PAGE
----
Nonetheless the way some of the domestic issues were blown out of proportion often bore no close connection to public preferences. Polls signaled considerable unease with the state of the economy in 1992, but even by the most permissive standards of political oratory the Clinton campaign’s depiction of U.S. economic frailty—”the worst economic performance since the Great Depression”—went overboard. The idea that the nation’s health care system needed a complete overhaul also was flogged further than the public was comfortable with. By the spring of 1994 almost one in three Americans regarded violent crime as the main predicament facing the country. How much this opinion called for the wholesale federalization of local criminal codes that was legislated that year, however, remained far from obvious.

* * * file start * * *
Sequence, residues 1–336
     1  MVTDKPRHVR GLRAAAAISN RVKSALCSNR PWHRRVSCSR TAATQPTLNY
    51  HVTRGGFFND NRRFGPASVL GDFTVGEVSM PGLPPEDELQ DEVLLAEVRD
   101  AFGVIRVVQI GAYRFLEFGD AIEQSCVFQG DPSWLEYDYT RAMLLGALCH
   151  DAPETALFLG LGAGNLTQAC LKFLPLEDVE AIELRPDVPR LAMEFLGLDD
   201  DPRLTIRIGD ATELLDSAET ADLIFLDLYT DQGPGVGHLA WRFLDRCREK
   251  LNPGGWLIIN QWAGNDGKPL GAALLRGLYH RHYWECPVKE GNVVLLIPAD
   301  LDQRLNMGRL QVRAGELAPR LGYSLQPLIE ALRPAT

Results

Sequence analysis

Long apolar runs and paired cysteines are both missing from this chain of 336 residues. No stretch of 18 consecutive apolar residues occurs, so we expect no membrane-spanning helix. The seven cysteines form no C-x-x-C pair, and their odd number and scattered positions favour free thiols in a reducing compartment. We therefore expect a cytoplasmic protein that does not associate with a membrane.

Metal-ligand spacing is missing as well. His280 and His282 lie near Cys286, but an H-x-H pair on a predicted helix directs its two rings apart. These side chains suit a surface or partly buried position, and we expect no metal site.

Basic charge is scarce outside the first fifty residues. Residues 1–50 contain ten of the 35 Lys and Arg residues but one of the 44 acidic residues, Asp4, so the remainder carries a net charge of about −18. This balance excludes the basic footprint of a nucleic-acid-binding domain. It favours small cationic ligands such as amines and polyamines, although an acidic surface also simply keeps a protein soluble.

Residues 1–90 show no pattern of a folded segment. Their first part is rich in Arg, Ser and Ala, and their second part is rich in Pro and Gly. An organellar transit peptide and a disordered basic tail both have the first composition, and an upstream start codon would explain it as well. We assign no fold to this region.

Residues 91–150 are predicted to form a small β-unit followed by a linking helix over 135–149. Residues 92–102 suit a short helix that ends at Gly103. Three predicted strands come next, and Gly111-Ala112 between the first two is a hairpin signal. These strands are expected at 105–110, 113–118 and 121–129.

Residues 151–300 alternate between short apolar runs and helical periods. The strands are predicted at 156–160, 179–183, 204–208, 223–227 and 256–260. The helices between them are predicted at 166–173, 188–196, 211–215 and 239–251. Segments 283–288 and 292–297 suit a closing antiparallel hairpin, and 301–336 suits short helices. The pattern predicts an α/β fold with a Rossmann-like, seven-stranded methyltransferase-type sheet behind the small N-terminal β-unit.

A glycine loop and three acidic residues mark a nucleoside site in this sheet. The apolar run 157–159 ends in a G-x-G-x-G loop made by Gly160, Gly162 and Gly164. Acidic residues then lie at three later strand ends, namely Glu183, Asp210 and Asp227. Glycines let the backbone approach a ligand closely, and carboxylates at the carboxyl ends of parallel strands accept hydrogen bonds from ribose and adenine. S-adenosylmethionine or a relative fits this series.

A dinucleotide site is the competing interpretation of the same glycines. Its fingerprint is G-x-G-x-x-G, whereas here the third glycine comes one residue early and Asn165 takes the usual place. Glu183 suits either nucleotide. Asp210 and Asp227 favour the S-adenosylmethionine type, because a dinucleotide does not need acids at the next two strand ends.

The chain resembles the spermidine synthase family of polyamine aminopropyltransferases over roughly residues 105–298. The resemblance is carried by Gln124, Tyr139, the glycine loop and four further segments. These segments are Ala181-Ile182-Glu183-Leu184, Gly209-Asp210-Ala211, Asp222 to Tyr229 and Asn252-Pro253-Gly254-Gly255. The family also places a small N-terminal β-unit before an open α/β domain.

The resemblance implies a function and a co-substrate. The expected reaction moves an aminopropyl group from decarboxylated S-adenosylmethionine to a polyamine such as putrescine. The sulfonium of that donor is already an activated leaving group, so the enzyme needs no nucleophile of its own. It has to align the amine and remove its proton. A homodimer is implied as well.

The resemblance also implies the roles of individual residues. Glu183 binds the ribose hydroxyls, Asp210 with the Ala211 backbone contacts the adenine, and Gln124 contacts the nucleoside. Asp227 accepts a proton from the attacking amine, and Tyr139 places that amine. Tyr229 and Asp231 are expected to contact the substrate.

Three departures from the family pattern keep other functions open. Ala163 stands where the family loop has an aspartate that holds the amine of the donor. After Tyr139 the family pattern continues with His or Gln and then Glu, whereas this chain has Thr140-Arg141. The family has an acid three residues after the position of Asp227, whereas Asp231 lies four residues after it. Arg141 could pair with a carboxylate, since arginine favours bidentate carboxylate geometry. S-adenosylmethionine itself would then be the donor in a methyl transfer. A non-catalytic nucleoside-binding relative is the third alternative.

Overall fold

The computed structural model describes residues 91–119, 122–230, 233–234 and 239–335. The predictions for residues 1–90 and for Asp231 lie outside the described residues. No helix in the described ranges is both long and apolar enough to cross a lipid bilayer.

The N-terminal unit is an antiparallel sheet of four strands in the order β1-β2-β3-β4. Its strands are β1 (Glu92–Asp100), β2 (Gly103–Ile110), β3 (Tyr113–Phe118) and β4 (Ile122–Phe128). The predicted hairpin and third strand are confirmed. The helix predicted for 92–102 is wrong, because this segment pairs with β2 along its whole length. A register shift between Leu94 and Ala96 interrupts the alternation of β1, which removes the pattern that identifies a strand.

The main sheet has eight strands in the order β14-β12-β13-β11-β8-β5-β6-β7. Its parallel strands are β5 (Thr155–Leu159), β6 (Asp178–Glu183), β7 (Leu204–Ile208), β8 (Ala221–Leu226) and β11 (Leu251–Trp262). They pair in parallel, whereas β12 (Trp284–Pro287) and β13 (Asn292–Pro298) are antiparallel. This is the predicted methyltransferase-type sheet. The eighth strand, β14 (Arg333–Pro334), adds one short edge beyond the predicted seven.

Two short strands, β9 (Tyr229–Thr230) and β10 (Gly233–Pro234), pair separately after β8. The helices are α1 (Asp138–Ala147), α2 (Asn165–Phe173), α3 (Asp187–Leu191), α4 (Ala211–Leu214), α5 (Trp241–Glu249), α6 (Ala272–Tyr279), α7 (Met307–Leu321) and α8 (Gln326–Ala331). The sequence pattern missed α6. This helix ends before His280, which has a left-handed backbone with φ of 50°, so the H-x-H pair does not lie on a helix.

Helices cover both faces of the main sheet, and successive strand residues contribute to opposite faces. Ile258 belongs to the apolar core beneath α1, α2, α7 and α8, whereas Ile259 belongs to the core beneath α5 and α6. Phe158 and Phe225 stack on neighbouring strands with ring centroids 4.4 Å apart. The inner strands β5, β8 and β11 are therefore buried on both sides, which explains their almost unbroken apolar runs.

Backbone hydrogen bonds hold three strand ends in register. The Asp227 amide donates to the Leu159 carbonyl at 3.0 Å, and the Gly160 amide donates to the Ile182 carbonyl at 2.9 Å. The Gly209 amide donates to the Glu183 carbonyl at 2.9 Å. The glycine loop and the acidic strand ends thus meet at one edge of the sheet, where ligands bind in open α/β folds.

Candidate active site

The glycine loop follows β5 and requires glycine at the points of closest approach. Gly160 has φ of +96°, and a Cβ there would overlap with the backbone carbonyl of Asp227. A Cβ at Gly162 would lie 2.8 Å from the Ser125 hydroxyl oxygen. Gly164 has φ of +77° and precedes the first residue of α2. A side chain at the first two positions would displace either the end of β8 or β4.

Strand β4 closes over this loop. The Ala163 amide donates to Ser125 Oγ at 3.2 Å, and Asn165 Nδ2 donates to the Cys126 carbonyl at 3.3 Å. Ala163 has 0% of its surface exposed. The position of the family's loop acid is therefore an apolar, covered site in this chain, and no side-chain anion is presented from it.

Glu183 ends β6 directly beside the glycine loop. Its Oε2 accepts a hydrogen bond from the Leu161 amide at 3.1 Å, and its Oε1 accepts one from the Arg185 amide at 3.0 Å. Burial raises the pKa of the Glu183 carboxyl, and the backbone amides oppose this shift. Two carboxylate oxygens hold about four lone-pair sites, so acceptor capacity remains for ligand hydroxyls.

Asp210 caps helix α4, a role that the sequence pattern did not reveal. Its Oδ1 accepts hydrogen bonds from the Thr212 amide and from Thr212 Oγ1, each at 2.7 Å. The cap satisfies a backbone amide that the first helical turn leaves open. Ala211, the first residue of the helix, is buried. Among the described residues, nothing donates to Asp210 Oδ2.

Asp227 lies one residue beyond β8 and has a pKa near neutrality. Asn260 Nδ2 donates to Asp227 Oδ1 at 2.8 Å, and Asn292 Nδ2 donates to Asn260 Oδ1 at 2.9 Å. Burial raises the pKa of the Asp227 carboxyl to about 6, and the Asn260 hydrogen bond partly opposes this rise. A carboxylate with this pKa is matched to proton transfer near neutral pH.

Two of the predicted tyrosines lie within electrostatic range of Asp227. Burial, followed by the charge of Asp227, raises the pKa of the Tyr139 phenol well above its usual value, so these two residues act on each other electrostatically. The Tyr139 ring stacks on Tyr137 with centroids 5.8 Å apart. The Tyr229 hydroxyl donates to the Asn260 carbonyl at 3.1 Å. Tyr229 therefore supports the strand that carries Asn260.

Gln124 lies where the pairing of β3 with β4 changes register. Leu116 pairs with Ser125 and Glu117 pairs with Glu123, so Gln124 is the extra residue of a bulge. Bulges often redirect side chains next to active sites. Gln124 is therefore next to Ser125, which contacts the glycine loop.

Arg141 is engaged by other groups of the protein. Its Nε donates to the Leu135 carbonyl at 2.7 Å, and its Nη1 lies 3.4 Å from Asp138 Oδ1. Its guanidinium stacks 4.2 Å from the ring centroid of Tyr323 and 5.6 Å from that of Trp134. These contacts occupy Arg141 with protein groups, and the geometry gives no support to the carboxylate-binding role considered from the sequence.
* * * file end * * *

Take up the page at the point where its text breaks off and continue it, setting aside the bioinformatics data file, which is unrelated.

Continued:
Some disputes that dominated the national conversation during the decade seemed distinctly out of touch with public opinion. A case in point was the growing political preoccupation with official misconduct—culminating with the dogged attempt to remove Clinton from office. In December 1998, after a year-long sex scandal, the House of Representatives voted to impeach the president. National polls consistently showed the public opposed to impeachment and conviction, typically by margins of two to one.